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4.4: Descriptive Writing

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  • What it is?

    Have you ever been asked to describe or summarize a text?

    In descriptive writing, you describe or write a summary of a text you’ve read. This type of writing usually does not include your personal opinion or critique. Rather, it focuses on a summary of what the authors said.

    You will be asked to engage in many types of descriptive writing for different purposes. In post-secondary nursing programs, you are often asked to concisely and comprehensively summarize the key ideas of a text. For example, you may be asked to provide a 250-word summary of a journal article as a way for the instructor to evaluate your capacity to understand the main argument or ideas contained within a text. Other times, your instructor may request you to write a summary of a research study. In this case, the audience may be a group of practicing nurses and the summary provides a brief overview of the current research.


    Figure 4.1: Illustration of descriptive writing

    How to do it?

    So, how do you write a summary and where do you start? See Figure 4.2. Here are a few pointers:

    1. Consider the reason why you are writing the summary and the audience you are writing for; these will influence how you write the summary. Is the summary for your own benefit? For example, are you trying to summarize the main points of a text to ensure you understand it and help you study? Are you writing the summary for a specific audience (e.g., your instructor) to demonstrate your knowledge? Are you summarizing a text so that other groups (e.g., practitioners) have a short text to reflect upon?

    2. To effectively summarize a text, you should do some pre-reading followed by a close and full reading of the text. While reading, you should take notes either by annotating the text or engaging in dialectic notetaking (see Chapter 2).

    3. Then, document in point form the main points and the supporting points of the text. For a research article, for example, you should indicate the study purpose, the study approach (i.e., the methods), and the study findings. If you are writing for an audience of practitioners, you should summarize the clinical implications. For example, how does this text or this research influence nursing practice?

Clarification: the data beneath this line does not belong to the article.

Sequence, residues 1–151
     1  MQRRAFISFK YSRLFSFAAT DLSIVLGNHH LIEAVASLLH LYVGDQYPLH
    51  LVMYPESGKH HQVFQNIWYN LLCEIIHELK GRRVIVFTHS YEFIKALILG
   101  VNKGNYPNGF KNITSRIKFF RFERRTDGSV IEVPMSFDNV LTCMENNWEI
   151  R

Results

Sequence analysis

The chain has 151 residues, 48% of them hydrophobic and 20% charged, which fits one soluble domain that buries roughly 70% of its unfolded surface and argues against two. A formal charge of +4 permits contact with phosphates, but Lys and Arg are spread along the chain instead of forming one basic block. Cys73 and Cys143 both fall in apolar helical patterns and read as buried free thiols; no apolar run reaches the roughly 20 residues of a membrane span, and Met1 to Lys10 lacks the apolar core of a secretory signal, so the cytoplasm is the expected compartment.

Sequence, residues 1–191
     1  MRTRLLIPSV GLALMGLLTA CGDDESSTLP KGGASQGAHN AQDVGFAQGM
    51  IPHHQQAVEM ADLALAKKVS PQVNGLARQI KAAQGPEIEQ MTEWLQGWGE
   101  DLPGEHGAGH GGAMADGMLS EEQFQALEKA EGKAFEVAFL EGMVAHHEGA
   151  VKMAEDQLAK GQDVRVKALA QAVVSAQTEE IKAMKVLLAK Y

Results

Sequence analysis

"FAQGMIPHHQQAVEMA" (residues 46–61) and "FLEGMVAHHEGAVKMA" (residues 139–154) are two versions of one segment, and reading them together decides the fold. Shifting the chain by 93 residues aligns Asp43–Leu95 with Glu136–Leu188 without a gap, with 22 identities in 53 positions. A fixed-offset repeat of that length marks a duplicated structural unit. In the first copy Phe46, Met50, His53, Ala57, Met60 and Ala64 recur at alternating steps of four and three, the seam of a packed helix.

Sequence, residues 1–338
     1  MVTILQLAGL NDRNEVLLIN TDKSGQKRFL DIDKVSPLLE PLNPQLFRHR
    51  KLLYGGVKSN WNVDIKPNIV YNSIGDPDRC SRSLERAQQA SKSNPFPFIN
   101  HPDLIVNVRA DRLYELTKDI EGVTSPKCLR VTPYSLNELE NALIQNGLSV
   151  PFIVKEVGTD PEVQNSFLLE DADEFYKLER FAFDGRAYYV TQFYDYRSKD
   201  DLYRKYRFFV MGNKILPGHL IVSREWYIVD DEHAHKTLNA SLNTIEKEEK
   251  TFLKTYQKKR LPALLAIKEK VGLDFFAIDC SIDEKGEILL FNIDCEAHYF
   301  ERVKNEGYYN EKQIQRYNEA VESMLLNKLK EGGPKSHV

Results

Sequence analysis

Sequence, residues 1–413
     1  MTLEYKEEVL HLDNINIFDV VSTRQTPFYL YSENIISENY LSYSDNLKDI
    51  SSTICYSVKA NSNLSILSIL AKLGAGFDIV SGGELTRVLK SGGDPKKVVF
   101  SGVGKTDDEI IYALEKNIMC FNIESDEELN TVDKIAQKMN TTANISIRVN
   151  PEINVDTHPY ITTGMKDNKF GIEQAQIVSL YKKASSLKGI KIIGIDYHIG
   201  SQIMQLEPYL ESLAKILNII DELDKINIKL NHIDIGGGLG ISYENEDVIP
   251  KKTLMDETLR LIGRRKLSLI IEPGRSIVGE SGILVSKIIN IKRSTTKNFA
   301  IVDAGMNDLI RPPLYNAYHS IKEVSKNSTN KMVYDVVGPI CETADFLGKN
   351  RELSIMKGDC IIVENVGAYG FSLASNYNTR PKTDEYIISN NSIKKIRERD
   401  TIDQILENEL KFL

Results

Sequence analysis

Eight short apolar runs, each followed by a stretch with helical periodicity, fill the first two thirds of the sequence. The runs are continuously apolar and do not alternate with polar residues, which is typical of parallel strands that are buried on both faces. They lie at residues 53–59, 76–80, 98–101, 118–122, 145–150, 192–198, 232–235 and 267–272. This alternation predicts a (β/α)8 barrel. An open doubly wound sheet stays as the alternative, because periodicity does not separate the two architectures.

4. It is now to time to write the summary. Remember, a summary provides a general overview of the text and excludes minor details or details that are not central to the text. Use language that reflects a summary such as: “The authors explain…”, “The authors claim…”, “In this article, it is suggested that…”, “Brown et al. report that the clinical implications include …”

    5. You will often be expected to begin the summary by identifying the text source (e.g., the authors and text title) and to complete the summary with a bibliographic citation of the text.


    Figure 4.2: Steps of descriptive writing

    What to Keep in Mind?

    Some key points to keep in mind as you are writing a summary:

    • Use complete sentences.
    • Write the summary in a neutral voice and avoid incorporating your opinion or critique of the text.
    • Paraphrase the text in your own words and avoid the use of direct quotations.
    • The length of the summary varies depending on the reason for completing it and the audience – generally, a summary may range from a few sentences to a couple of pages.

    Activities: Check Your Understanding

    The original version of this chapter contained H5P content. You may want to remove or replace this element.

    The original version of this chapter contained H5P content. You may want to remove or replace this element.